BOSTON — Marc Jacobs turned out in full fencing regalia — replete with mask and foil — Thursday night to celebrate the opening of his Newbury Street store here.
The party theme was the Summer Olympics. As interpreted by the 50 or so staffers shuttled in from New York and San Francisco, that meant micro tennis shorts, Bjorn Borg-style headbands, retro bathing caps — and long cigarette breaks outside the restaurant’s entrance.
Guests, meanwhile, competed in the free-stuff grab as Jacobs’ team members handed out chalk-white Frisbees, T-shirts, tank tops, whistles and flip-flops emblazoned “81 Newbury,” the store’s address.
For Jacobs, his hair wildly curly from fencing-suit humidity, the bash at the Union Bar & Grille in the city’s trendy South End neighborhood was not quite consolation for being unable to fete his upcoming Los Angeles stores with a Halloween blowout.
Due to construction delays, the company is staggering the openings of its four Melrose Avenue properties in L.A., starting with the accessories store in October, the Marc by Marc Jacobs and VIP studio spaces in late November and the collection door in January.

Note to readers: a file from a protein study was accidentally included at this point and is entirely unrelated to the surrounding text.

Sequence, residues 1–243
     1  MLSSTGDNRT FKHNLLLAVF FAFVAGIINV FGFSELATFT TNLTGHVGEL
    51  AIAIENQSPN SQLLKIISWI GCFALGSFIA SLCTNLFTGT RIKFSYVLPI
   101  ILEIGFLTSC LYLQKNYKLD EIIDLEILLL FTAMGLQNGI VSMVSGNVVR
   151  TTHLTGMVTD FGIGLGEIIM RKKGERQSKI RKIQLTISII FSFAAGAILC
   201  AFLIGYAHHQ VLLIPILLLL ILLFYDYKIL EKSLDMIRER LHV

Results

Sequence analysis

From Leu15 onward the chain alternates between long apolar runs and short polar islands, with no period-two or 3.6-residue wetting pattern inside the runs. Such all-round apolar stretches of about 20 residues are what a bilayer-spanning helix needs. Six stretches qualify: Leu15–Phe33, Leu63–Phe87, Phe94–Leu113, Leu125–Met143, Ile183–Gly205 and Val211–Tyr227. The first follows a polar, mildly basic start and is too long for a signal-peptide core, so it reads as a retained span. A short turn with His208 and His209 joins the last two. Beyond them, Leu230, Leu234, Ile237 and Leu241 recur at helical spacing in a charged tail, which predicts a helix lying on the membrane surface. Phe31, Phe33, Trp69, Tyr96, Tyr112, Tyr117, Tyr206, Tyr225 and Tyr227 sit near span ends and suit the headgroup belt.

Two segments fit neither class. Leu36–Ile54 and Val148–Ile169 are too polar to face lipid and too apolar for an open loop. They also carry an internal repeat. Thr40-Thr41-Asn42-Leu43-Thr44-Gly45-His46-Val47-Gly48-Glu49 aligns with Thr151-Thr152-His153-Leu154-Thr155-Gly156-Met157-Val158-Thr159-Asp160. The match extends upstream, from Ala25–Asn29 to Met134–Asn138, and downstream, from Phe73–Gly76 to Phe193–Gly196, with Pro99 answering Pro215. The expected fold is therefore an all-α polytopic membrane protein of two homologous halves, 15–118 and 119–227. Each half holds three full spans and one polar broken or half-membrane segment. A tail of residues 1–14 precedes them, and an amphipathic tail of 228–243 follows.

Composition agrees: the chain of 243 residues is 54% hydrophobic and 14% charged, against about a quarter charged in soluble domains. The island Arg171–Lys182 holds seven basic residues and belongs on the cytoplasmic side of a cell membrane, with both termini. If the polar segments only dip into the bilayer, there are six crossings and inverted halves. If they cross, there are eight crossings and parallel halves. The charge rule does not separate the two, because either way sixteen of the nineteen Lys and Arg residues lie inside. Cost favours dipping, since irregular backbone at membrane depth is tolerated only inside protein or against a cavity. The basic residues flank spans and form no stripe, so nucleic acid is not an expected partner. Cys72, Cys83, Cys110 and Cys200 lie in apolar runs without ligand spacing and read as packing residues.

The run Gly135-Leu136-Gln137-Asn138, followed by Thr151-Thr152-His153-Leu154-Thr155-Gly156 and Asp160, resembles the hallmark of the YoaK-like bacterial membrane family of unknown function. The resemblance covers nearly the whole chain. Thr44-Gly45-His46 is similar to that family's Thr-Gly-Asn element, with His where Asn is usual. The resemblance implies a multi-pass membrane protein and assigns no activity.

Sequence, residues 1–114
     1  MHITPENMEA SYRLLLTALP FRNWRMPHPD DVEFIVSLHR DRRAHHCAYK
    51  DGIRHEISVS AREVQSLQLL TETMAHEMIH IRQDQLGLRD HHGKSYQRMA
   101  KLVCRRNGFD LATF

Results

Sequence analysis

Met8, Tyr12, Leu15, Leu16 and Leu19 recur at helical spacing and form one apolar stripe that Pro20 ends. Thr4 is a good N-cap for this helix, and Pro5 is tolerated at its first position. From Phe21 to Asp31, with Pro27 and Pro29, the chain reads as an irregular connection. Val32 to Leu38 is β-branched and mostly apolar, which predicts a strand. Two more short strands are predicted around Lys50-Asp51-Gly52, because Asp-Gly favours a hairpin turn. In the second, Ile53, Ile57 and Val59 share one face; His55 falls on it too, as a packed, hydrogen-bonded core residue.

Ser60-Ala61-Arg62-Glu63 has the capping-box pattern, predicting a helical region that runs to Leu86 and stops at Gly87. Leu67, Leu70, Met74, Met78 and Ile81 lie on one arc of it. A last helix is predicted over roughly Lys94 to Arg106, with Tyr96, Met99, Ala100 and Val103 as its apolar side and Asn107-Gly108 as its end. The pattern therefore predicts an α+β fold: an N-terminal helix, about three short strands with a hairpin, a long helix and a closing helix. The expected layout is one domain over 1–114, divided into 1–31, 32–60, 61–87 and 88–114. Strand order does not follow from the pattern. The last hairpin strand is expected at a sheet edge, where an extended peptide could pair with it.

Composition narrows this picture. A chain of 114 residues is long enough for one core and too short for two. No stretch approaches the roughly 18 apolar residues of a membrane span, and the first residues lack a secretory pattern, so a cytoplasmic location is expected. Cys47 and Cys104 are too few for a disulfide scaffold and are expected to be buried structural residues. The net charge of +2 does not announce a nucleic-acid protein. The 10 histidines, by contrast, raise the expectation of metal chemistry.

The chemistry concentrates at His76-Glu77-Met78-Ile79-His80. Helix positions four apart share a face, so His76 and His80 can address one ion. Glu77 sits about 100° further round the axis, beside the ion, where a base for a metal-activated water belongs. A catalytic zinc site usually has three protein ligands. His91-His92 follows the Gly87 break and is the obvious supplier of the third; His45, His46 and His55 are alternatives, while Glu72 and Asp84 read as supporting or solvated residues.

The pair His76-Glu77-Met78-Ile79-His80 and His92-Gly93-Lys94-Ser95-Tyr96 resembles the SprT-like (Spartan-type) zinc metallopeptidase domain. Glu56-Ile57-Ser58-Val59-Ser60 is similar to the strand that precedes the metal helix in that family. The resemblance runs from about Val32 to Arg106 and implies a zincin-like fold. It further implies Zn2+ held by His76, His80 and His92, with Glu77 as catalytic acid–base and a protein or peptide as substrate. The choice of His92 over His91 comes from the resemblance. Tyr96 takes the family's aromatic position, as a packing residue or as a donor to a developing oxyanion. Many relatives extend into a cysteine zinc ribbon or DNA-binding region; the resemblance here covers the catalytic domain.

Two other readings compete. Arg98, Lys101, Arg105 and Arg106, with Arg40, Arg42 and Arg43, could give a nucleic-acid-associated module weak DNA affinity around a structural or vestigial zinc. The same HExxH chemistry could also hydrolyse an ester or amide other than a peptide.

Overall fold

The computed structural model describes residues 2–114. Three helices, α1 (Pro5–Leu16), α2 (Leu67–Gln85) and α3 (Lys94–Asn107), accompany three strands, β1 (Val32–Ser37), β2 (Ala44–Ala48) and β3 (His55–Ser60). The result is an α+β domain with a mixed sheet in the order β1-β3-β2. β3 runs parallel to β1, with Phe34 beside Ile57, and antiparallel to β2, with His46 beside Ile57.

Backed by parent company LVMH Moët Hennessy Louis Vuitton, the $300 million Marc Jacobs International is on a retail tear, expanding its 40-store global operation with openings slated in Shanghai — its first store in China — on Sept. 22; Bal Harbour, Fla., in March, and Chicago sometime in 2005. The company is also on the cusp of signing a Paris lease, though brand president Robert Duffy remained mum on the unit’s exact location.
The store here, a refurbished two-story town house, gives a nod to the city’s quintessential brick residences. The colorful, merchandise-jammed Marc by Marc Jacobs is at street level, while the upper story, with its original double-parlor outlines evident, features Grecian-white fireplaces and Doric columns as a serene setting for the collection.
Sources estimate the 3,750-square-foot store could produce sales of $4 million annually.
For brand aficionados, there are treasures in the form of product debuts (silver picture frames, the Czech crystal in a new, jade hue) and city exclusives, such as the one-off, $9,200 ruby-red crocodile handbag featured on Vogue’s August “Last Look” page.
"I think that all anyone really wants in life is to have people understand us for who we actually are, despite everything," says Ruth Negga. The actress talks "Preachers" season 2 and more on WWD.com. #wwdeye (📷: Dan Doperalski)
"That's something that resonates with me too because I'm so locked into a number. If I go over that number it completely ruins my day so it's nice to get detached from the number on the scale." - Chelsea Handler on Kelly LeVeque's book "Body Love." #wwdeye (📷: John Salangsang)